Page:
Review of the pilot's logbook showed the last date that flight time was entered in the logbook was on July 15, 1999. The pilot had accumulated 1,552 total flight hours, 1,257 hours in single engine airplanes, 189 flight hours in actual instrument conditions, and 52 flight hours of simulated instrument time. The pilot's brother estimated the pilot had accumulated about 400 to 500 flight hours in the SNJ-5. The logbook had an entry for a biennial flight review, which was performed on December 20, 1999. The amount of flying hours and the type of airplane used for the review was not entered. The logbook had no entries, which would show the pilot met FAA currency requirements for pilot-in-command and for instrument flight.


The airplane was a North American SNJ-5, serial number 52022, registration number N3187G. The airplane was registered to the pilot in 1995. Logbook records showed the airplane received an annual inspection on August 12, 1999, about 20 flight hours before the accident. At the time of the accident, the airplane had accumulated about 6,426 total flight hours. The airplane's engine was a Pratt and Whitney, R-1340-AN1, serial number 41-9691. The engine and accessories were overhauled on March 3, 1997, 159 flight hours before the accident. The propeller was a Hamilton Standard 12D40-211; serial number 4846-CPL.The propeller was overhauled on April 21, 1997, 159 flight hours before the accident. Logbook records show the last altimeter, pressure static system, transponder, and altitude encoder tests and inspections were performed on July 12, 1990. FAA regulations require these be checked each 24 calendar months before the airplane may be operated under instrument flight rules. See logbook pages.


The Watauga County Hospital Helipad, Boone North Carolina, 1550 surface weather observation was, winds 000 degrees at 7 knots, visibility 10 miles, clouds 1,600 feet scattered, 2,100 feet scattered, temperature 45 degrees F, dew point temperature 45 degrees F, altimeter 29.82 inches of Hg. The hospital is located 14 nautical miles east of the accident site and is at an elevation of 2,988 feet.

Upper air data recorded at Greensboro, North Carolina, about 4 hours after the accident showed the freezing level was at 7,000 feet, and winds at 8,000 feet were from 355 degrees at 7 knots. Greensboro is located about 100 miles east of the accident site.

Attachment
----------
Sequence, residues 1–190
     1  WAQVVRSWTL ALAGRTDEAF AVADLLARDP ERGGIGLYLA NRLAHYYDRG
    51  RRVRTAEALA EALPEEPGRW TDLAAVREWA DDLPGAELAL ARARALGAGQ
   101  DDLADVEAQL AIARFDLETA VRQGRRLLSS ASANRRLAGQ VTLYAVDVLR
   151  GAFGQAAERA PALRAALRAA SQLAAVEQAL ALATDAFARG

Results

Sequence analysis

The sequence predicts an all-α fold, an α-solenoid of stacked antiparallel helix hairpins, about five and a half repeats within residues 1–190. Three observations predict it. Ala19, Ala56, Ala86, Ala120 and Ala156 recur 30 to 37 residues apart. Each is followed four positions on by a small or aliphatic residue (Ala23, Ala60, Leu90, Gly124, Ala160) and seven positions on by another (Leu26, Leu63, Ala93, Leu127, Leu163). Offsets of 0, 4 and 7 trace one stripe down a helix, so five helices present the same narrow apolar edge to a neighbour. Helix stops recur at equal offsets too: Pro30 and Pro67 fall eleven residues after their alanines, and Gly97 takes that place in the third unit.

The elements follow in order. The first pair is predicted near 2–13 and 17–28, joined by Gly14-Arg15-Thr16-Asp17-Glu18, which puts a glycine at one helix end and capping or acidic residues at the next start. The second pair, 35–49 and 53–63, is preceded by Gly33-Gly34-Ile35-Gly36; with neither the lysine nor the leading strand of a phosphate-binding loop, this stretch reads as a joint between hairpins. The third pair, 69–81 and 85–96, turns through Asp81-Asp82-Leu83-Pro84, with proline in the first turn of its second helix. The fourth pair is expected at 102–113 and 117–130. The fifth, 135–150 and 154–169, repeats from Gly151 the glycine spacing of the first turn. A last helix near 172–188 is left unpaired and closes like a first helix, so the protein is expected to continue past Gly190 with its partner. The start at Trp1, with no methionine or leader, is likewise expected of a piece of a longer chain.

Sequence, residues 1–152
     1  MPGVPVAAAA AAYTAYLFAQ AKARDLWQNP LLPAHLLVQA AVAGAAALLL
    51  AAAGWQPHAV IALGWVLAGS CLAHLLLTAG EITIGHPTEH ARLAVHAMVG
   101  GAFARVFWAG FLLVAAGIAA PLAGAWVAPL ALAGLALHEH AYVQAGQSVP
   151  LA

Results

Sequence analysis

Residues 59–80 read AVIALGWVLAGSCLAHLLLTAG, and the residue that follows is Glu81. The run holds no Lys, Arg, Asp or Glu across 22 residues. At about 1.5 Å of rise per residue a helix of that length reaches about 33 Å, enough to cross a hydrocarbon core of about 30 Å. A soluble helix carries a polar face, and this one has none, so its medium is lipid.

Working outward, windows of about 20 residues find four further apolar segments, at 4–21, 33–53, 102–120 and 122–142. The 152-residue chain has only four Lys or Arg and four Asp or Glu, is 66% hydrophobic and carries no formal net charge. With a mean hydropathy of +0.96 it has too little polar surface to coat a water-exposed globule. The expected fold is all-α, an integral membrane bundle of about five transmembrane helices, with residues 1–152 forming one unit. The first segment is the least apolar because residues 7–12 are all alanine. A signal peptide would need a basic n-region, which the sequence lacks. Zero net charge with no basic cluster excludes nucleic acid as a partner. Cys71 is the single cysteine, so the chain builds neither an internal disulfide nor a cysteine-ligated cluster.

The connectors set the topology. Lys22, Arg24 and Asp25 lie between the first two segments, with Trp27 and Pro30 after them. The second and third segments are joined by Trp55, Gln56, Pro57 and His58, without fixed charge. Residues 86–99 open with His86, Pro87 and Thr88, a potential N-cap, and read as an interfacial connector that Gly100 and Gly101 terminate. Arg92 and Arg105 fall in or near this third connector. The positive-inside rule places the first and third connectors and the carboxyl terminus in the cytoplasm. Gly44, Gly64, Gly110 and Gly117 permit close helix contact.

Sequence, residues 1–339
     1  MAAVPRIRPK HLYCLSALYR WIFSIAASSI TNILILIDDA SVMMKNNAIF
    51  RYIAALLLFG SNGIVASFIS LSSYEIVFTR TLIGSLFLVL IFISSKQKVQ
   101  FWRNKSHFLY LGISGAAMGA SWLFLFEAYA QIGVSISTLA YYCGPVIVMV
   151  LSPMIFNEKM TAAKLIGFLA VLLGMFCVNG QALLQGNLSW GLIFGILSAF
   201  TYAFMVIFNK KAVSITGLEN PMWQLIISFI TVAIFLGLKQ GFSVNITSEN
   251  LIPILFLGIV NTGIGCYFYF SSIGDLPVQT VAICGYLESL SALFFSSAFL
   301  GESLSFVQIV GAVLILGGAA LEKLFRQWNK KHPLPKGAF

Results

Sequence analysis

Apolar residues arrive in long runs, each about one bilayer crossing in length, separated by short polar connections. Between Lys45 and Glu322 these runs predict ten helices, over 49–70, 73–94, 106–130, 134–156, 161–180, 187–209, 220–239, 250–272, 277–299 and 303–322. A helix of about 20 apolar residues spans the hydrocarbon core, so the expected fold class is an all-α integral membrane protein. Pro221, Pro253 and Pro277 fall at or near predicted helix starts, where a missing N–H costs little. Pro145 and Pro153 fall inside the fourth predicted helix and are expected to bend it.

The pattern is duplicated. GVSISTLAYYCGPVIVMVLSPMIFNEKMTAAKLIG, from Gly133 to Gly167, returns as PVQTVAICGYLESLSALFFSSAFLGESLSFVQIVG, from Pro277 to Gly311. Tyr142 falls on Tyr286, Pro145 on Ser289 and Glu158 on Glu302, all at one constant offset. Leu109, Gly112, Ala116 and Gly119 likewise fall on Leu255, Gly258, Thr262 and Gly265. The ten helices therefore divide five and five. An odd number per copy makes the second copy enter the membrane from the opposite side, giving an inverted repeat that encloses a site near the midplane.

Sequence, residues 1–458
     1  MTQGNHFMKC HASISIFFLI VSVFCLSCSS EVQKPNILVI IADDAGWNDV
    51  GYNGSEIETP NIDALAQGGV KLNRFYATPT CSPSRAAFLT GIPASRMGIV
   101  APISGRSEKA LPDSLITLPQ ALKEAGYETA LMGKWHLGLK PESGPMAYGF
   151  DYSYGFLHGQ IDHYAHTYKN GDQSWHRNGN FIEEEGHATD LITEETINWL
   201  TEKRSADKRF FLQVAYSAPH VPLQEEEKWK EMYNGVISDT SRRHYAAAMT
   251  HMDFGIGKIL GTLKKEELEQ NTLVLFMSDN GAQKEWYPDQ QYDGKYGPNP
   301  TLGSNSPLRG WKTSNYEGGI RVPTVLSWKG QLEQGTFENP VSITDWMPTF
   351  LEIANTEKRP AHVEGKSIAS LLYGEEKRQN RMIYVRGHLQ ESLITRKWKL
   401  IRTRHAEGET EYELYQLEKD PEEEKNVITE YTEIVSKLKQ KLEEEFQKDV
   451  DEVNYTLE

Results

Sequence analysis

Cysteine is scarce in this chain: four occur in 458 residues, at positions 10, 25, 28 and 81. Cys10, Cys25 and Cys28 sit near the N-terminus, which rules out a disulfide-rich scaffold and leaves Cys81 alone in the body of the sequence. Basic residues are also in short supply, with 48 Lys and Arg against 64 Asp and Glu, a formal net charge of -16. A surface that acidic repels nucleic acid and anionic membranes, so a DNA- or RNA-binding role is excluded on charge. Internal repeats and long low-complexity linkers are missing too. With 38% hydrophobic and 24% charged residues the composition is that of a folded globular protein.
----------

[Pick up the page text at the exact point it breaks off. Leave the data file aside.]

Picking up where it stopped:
Weather radar data recorded at Knoxville, Tennessee, showed no weather echoes were located within 5 nautical miles of the accident site at the time of the accident.

The area forecast for the accident site, at the time of the accident called for clouds 5,000 to 6,000 feet broken to overcast. Cloud tops to 10,000 feet.

Airmet Sierra Update 4, which was in effect at the time of the accident and for the accident area, called for mountains occasionally obscured by clouds and scattered precipitation.

Airmet Zulu Update 3, which was in effect at the time of the accident and for the accident area, called for occasional moderate rime/mixed icing in clouds and in precipitation between 9,000 feet and 18,000 feet. Freezing level 7,500 feet to 9,500 feet in North Carolina. See NTSB Meteorological Factual Report.

A carburetor icing probability chart shows the airplane was operating in conditions conducive to serious carburetor icing at cruise power. See carburetor icing probability chart.


The airplane crashed in front of a house located at 3974 Beech Mountain Road, Elk Park, North Carolina. The main wreckage of the airplane was located across Beech Mountain Road, at coordinates 36 12 3.4 North, 81 56 21.6 West. The elevation of the crash site was about 3,925 feet. Examination of the crash site showed the airplane passed over 50-foot agl power lines on the up sloping mountainside and collided with 75-foot trees near the 50-foot level. The crash line was oriented along a 150-degree direction. The left wing tip was found near the base of the trees and a piece of the left aileron remained in a tree. The airplane traveled another 30 feet, where the top 40 feet of a 1.5 foot diameter, 70-foot tall tree was severed, about 30 feet above the ground. More portions of the left outboard wing were found in this area along with branches from trees that had been severed by the propeller.